restaurants using handmade ware in place of the chilly, manufactured white china you usually find when eating out. Awesome, right? Awesome, right!! The article seemed to be written by someone not particularly familiar with handmade ceramics, or maybe just written for people less familiar. (For one thing it makes no distinction between stoneware and earthenware. You can put high-fire stoneware in the dishwasher all day long. Not that you'd want to. But IF you did want to. Anyway.) It's a brief article, that contains a shout-out to Portland's own Eventide.
Here's hoping this is, in fact, a trend! But here's the funny part: Since this article came out, I've received two emails asking me to DONATE pottery to newly opening restaurants, for the exposure, dontcha know.
Let me think about it...lol...NO.
Now, I'm happy to donate ware to a handful of charitable auctions every year. That's one way I can support charities. But I don't do it for the dubious benefit of exposure, and I'm damned if I am going to start donating to businesses.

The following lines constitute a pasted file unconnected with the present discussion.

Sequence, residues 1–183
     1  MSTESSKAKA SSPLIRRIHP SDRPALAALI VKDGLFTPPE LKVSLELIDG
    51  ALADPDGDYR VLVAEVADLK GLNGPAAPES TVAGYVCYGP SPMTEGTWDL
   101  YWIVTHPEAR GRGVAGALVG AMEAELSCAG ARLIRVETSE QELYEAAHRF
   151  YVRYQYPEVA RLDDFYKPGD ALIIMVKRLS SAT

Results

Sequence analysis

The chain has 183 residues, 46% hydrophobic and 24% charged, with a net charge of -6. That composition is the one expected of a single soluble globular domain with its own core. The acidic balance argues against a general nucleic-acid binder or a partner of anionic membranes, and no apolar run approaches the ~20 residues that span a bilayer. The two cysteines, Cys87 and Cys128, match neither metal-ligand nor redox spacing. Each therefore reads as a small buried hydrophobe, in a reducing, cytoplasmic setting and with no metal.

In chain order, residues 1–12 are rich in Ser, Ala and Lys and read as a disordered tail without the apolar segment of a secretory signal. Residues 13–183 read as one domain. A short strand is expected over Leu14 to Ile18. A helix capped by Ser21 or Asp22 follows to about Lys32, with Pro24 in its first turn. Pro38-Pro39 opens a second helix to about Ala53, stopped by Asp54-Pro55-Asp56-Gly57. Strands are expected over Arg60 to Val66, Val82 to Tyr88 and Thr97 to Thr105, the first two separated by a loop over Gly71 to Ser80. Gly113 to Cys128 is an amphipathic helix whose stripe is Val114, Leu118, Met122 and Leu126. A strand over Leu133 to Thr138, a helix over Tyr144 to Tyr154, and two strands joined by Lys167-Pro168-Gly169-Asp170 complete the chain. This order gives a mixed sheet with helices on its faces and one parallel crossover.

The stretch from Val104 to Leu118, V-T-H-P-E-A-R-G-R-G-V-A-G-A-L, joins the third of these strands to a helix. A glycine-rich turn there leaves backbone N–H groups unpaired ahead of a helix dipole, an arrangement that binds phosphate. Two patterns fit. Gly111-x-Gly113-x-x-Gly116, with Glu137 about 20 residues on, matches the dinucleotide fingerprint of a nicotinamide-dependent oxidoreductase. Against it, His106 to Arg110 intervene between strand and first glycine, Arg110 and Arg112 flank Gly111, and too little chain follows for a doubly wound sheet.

I wanted to write back saying that a business I am associated with holds a huge social event every December, and would the restauranteur care to cater this event, for free, for the exposure? How many takers do you think I'd get?
You know what I do for exposure? I write this blog. I market my work in stores and galleries. I advertise. I go to trade shows (or at least, I used to, and may again.)What I don't do? Give it away and hope somebody sees it and wants to buy it.
Artists are notoriously bad at business, and I might be the poster child (er...poster lady of a certain age); but jeez, even I ain't falling for this. I hope nobody does.
Architectural Digest profile of East Fork Pottery
43 minutes ago